Turmoil in Global Markets: Fed Under Pressure to Act

Asian stocks markets are stabilizing after a day of dramatic plunges Tuesday as futures point to a measure of calm returning to Wall Street following the Dow’s sixth worst decline in the last 112 years.

Inside New York Stock Exchange: The Federal Reserve gathers on Tuesday under growing pressure to take some type of action to stem a financial market meltdown linked to fears of a new U.S. recession. Photo: Francis Liu/Flickr

An extraordinarily tumultuous trading day in Asia extended into Europe on Tuesday, while gold prices hit new highs and the dollar fell, dashing hopes that the global stock market sell-off that has flattened investors over the last two weeks would lose steam.

South Korea’s Kospi was off 3.6 percent at 1,801.35 after plummeting nearly 10 percent in the morning. Hong Kong’s Hang Seng, which fell as much as 7 percent, was down 2.9 percent at 19,890.85 and Japan’s Nikkei 225 stock average pulled back to a fall of 1.7 percent.

“When you get declines of this sort, it is technical factors and emotion that drive markets — the fundamentals are largely irrelevant,” said Stephen Davies, chief executive of Javelin Wealth Management in Singapore, referring to Wall Street’s plunge on Monday.

He characterized sentiment in Asia as “weary resignation” rather than outright panic, but he said that the markets in general had been caught in a “negative feedback loop” — where declining markets fuel worries about the economic fallout of the turmoil, which in turn undermines sentiment further.

Australia’s S&P/ASX 200 index moved into positive territory – up 1.2 percent at 4,034.80 – and mainland China’s key indexes eked out modest gains.

European stocks rallied at the opening but quickly fizzled. Just before mid-day, the Euro Stoxx 50 index, a barometer of euro zone blue chips, fell 4 percent, while the FTSE 100 index in London slid 3.6 percent. The declines in Europe were led by energy companies like Royal Dutch Shell and industrial giants like Siemens, businesses that stand to suffer in an economic downturn.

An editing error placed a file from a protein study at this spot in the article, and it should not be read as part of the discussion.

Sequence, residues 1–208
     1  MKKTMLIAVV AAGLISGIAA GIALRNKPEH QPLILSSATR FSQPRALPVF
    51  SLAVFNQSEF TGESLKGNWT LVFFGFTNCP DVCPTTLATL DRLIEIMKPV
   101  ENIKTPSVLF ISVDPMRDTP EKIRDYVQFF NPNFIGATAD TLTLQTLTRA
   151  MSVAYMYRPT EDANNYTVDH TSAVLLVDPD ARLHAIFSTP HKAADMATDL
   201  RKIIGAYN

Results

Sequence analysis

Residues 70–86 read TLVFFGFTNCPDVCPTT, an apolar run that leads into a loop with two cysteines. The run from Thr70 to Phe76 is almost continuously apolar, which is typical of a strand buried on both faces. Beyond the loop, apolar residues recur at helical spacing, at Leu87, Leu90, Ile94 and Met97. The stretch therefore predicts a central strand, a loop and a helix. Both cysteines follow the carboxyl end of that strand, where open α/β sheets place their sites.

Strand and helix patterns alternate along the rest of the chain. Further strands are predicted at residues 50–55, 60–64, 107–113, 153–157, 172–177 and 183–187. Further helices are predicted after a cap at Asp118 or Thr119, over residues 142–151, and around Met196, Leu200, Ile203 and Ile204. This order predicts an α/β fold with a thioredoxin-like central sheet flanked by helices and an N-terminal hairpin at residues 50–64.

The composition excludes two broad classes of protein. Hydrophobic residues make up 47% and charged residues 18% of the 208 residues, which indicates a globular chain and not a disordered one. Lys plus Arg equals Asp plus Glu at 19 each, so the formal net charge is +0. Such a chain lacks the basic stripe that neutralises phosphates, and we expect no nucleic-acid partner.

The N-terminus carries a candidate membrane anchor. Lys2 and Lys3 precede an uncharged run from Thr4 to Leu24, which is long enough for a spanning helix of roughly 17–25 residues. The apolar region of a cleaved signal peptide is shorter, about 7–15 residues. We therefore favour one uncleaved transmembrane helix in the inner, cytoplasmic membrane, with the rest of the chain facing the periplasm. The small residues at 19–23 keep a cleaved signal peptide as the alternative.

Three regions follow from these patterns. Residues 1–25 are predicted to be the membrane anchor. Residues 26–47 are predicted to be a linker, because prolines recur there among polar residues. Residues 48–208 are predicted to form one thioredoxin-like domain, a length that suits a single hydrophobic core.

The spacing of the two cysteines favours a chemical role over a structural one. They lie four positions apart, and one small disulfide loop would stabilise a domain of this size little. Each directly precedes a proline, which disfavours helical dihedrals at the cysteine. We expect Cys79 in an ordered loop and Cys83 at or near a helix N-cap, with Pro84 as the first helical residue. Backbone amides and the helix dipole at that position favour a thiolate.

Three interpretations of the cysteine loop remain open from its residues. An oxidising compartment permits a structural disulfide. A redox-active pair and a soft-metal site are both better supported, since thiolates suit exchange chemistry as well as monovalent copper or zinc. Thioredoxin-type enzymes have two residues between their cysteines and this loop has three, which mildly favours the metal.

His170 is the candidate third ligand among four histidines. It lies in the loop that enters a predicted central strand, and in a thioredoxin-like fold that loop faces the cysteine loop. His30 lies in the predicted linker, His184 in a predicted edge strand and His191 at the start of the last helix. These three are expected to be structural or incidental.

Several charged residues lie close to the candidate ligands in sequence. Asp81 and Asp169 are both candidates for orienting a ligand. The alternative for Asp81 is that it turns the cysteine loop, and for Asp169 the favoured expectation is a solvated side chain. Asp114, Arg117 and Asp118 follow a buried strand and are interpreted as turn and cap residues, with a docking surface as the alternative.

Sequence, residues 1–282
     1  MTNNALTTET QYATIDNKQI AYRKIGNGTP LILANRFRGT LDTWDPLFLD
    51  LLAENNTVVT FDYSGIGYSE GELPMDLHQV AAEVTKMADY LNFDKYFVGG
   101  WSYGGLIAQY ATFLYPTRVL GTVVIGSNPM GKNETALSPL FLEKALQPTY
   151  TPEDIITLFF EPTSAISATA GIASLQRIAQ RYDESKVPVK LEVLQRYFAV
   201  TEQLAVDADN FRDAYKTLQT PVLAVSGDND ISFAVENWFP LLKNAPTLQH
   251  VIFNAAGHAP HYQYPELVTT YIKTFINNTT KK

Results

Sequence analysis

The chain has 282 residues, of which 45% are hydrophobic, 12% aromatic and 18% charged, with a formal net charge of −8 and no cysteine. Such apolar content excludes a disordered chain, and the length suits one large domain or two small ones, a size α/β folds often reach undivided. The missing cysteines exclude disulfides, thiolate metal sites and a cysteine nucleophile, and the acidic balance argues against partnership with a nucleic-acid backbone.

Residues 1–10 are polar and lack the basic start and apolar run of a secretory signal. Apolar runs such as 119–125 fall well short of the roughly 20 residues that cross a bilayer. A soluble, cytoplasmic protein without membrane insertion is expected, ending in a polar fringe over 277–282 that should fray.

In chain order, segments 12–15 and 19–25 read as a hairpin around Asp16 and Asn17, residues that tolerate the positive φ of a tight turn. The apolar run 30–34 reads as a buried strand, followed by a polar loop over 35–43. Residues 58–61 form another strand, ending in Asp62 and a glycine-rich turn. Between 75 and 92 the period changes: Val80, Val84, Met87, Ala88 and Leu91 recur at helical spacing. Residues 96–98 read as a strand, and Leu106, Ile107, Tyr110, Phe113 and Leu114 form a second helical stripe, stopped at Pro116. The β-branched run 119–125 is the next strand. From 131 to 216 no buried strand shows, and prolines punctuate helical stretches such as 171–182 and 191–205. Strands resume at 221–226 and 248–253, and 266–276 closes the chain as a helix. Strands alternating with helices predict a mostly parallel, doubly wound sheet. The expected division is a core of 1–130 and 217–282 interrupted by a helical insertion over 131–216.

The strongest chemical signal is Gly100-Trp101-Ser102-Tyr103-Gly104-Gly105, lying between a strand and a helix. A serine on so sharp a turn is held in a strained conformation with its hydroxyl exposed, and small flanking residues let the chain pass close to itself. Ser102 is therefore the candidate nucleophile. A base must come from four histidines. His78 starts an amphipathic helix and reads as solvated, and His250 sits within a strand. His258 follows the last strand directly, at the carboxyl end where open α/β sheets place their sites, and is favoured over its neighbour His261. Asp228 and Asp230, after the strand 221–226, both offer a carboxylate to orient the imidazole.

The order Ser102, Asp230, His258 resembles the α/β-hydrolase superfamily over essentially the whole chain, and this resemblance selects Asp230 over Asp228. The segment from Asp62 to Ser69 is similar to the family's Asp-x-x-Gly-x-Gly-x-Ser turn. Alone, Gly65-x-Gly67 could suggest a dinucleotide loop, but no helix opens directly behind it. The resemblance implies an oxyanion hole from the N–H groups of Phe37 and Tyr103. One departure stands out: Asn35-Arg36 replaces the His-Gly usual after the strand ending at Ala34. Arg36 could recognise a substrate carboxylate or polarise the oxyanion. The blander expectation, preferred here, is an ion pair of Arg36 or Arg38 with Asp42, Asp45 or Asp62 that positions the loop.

“It’s still very hard to predict how the U.S. market will do,” said Jackson Wong, vice president of Tanrich Securities in Hong Kong. “When the dust settles, if the situation doesn’t get worse in the U.S. or Europe, the situation will rebound. But the U.S. has to stabilize.”

The big moves, which added to sharp losses in the past few days, came after the Dow Jones industrials fell 634.76 points on Monday. It was Wall Street’s first day of trading after Standard & Poor’s downgrade of the U.S. credit rating – which jolted the global financial system and reinforced anxiety that the U.S. economic recovery is stalling.

Futures suggested U.S. stocks might eke out slight gains Tuesday. Dow futures were up 6 points, or 0.1 percent, at 10,730 and broader S&P 500 futures added 1 point, or 0.1 percent, to 1,112.30.

The fear among investors has reached epidemic proportions, with the sell-off erasing $8.1 trillion — or 14.8 percent of market capitalization — from global stock markets since July 24.

Worries about the U.S. economic recovery have been building since the government said that economic growth was far weaker in the first half of 2011 than economists expected. Intensifying concerns were reports showing that the manufacturing and services industries barely grew in July, although job growth was better than economists expected last month.

Investors are also worried that Italy and Spain could become the next European countries to have trouble repaying their debts. Greece, Ireland and Portugal have already received bailout loans because of Europe’s 21-month-old debt crisis.

The fears have pushed investors to shun Spanish and Italian bonds, which have led to higher yields and in even higher borrowing costs for the two countries.

The European Central Bank stepped in Monday and bought billions of euros worth of their bonds. The move helped to lower yields on Spanish and Italian bonds, at least temporarily. U.S. crude oil futures for September delivery fell 2.1 percent to $79.59 a barrel.

The dollar declined against other major currencies. The euro rose to $1.4226 from $1.4179 late Monday in New York, while the British pound rose to $1.6346 from $1.6318. The dollar fell to 77.04 yen from 77.76 yen and to 0.7418 Swiss francs from 0.7550 francs.

While most analysts expect the Federal Reserve to not make any major changes in policy at its meeting on Tuesday, some wonder whether market disruptions of recent sessions warrant some kind of central bank intervention. The Fed will deliver its policy statement around 2:15 pm (1915 GMT).

“If the Fed does nothing, it could prove to be a disappointment at this point,” said JP Morgan analysts on a conference call to discuss the S&P downgrade. Some economists argue the Fed is close to out of bullets. Interest rates are effectively zero and the Fed’s balance sheet stands at a record $2.9 trillion after an unprecedented program of unconventional monetary easing.

Still, there are a few things the Fed could do to reassure markets, including to suggest it will revise down its growth forecasts — the first signal that it is leaning toward further policy accommodation. [via Huffpost, The New York Times and Reuters]

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